Fixing higher ed: Catholic University's Brennan
In an article published Sunday in The Washington Post Magazine, I offer eight suggestions to "fix" higher education. After reading the article, you can rank the ideas in a poll, which you will find farther down on this blog.
For the article, I sought help from several great leaders and thinkers. Some submitted their own thoughts on how to improve higher education. I'm posting them this week. Here is the ninth, from James F. Brennan, provost of Catholic University.
Preamble. American higher education sets the world's standards and provides a model of success based upon innovation, which probably can be traced to the truly visionary Morrill Act of 1862 setting up the land-grant universities with their mission of outreach and community service. Nevertheless, no organization can remain static and survive, and universities are no different. To this end, we offer two suggestions.
Fix 1: Stick to quality. Although the boom of the for-profits in higher education may have peaked, especially following the recent congressional inquiry into student loan practices, their financial success make them a tempting target to emulate. The attraction seems to have grown as the endowments and state subsidies of many universities have shrunk. Indeed, some of the most prestigious universities have jumped into the for-profit arena with both feet to grab a share of this lucrative marketplace, and have scored some success -- Cornell University's eCornell, for example.
At the same time, the quality of higher education is threatened by the pervasive dumbing down of education at all levels in America. The recent conclusions of a study of math achievement in primary education are particularly disturbing. And the consequences of these educational deficiencies have been framed as an issue of national security. So, a conflict arises between the attraction of new revenue from audiences currently tapped by the for-profit sector and the imperative to maintain standards necessary to sustain the American competitive edge among the world's economic powers.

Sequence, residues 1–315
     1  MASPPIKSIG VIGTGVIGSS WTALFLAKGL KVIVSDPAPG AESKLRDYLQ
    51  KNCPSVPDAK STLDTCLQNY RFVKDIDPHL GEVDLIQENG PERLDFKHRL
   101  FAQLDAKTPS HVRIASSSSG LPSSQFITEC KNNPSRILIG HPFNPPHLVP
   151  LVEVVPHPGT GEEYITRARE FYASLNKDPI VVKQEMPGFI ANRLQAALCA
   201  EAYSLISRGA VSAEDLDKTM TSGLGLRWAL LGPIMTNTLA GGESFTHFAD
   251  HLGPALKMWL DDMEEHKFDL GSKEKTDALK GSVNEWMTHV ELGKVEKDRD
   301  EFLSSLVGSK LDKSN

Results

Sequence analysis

Ultimately, it's short-sighted to dilute the standards of American higher education by playing to the lowest common denominator to reach a broader audience. There are important ways to reach out and make the benefits of higher education available to a broad audience, but it does nobody any good to dilute the product to such an extent that the benefits are diminished.
Fix 2: Go global -- seriously. The economic meltdown of the past two years affirmed the mantra of educators, politicians and sociologists -- namely, our success is tied to cultivating international connections that are personal and durable. If universities are to prepare their graduates to compete effectively in the workplace of the 21st century, they are well advised to provide opportunities to learn how to navigate the international economy.
Of course, universities have been boasting of exactly those opportunities for many years, usually through study abroad and other cultural immersion experiences in foreign cultures. However, in reality many of these experiences tend to be rather cushy programs, such as many of those in Western Europe, where universities house their students in American oases, where they have scarcely more contact with the "natives" than a tourist would. Thus, students come away with an appreciation of fine Tuscan wine, Parisian fashion and London accents. In other words, the experience, while pleasant, user-friendly and generally safe, is not academically serious.
The key to a serious opportunity to immerse students in other cultures comes through language. When students are forced to navigate in another language, they become more self-confident and gain a deep-rooted understanding of what it means to think in a way that is other-than-American. This kind of cultural experience, then, is profound and leads to insight. Anybody who has benefited from this level of immersion comes away a changed person. But universities need to build upon a better foreign language base than our current, inadequate pedagogy provides. That, of course, is another story.
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Daniel de Vise
| February 26, 2011; 2:31 PM ET
Categories: Administration, Admissions, Finance, For-profit colleges, Technology | Tags: Washington Post fixing higher ed, fixing higher ed CUA Brennan, fixing higher education, higher ed Washington Post magazine
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